Every once in a while, I have these epiphanies about design practice that causes a major shift in my thinking. One was the realization that designers make prototypes, not the finalized product (which has to go through this manufacturing phase). This explained to me why some designers who do not adopt a human-centered perspective have a hard time conceptualizing the consequences of their designs. They are removed by two layers of abstraction from the effects of their designs on the people who will interact with them.
Another one is that architects don't design houses that they will live in. Yes, architects do design their own homes, but in general, they design homes that other people will live in. This changes the relationship that an architect has towards the edifice she is building. Designers have a way of separating their identities as designers from their identities as human beings in way I never understood as an anthropologist. All of a sudden it makes sense to me why designers can feel a sense of alienation from their work. If you are building a house for someone else, the decisions you make and passion for them when building for yourself is quite different than those made for others, where you have to be less passionate about having your way. This need for empathy for others is what I teach to my students about why they need to conduct research to inform their design decisions. Yet, it also requires that you have to separate yourself from your own thoughts and feelings if they come in conflict with the clients. Thus, designers spend a lot of time trying to manipulate clients into accepting their way.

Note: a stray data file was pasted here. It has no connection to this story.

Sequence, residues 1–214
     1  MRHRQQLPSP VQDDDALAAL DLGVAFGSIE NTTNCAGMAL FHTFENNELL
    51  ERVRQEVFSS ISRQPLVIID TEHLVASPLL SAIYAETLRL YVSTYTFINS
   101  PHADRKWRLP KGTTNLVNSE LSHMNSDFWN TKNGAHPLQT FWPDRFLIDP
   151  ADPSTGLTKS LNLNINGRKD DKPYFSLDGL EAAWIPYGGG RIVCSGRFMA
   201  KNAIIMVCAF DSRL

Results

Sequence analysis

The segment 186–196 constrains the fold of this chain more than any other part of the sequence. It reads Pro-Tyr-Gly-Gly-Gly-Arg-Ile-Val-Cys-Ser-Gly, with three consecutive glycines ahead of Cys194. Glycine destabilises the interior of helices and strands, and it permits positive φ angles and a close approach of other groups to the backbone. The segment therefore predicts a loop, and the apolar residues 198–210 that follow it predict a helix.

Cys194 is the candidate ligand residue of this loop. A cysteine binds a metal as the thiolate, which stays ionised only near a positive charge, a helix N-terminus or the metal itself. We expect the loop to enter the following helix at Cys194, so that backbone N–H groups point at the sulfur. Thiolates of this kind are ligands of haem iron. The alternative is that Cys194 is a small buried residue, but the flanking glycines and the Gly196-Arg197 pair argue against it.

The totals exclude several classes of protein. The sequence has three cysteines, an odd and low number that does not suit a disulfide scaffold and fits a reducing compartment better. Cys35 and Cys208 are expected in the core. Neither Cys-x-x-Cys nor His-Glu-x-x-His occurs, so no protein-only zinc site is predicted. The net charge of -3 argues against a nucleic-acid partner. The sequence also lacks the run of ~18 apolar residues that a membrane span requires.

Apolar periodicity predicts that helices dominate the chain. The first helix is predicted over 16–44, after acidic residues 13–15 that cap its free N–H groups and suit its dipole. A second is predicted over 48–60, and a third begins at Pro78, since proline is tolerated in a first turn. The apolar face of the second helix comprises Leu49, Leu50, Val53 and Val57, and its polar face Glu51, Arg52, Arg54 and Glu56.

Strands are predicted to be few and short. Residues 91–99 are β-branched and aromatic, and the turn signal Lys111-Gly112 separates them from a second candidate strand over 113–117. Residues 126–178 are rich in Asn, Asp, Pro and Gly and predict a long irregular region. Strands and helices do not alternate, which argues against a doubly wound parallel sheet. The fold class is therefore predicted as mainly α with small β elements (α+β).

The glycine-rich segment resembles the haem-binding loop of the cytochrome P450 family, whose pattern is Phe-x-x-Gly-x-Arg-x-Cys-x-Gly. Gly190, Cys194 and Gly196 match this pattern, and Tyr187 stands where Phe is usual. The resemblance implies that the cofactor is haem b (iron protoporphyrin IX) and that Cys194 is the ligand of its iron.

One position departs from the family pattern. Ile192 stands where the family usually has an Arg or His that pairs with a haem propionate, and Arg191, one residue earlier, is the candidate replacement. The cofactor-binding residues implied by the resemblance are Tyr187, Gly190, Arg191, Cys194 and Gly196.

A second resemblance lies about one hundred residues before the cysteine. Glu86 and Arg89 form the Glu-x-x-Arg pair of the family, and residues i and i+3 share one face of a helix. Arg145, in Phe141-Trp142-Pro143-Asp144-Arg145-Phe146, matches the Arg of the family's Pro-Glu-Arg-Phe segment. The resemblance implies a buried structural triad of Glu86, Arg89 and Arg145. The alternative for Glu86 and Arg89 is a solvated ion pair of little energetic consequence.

This really hit home for me because my new boss, Ken Friedmen, asked if I would have a spot on the American Design Council when it is formalized as an Federal Advisory Committee. I told him that I wouldn't and that my role would be taken over by the Designated Federal Officer. This discussion happened when I was choosing between two options for offices and thus was thinking deeply about the effect of architecture on human interaction. I thus realized that in terms of being an architect for the U.S. National Design Policy, I am building a house I will not live in. There is a way in which I have attempted to constantly mute my feelings about the Initiative because it is not my house. I work diligently to make it happen, but I try to stay away from the emotional highs and lows of the experience. I thought I was doing so because I was trying to be Taoist about the whole thing, but I realize in part, that I distance myself from the experience because I'm not designing my house.
I wonder is this the right way to architect all institutions or if you slowly kill the passion for the craft of making them. I remain unsure.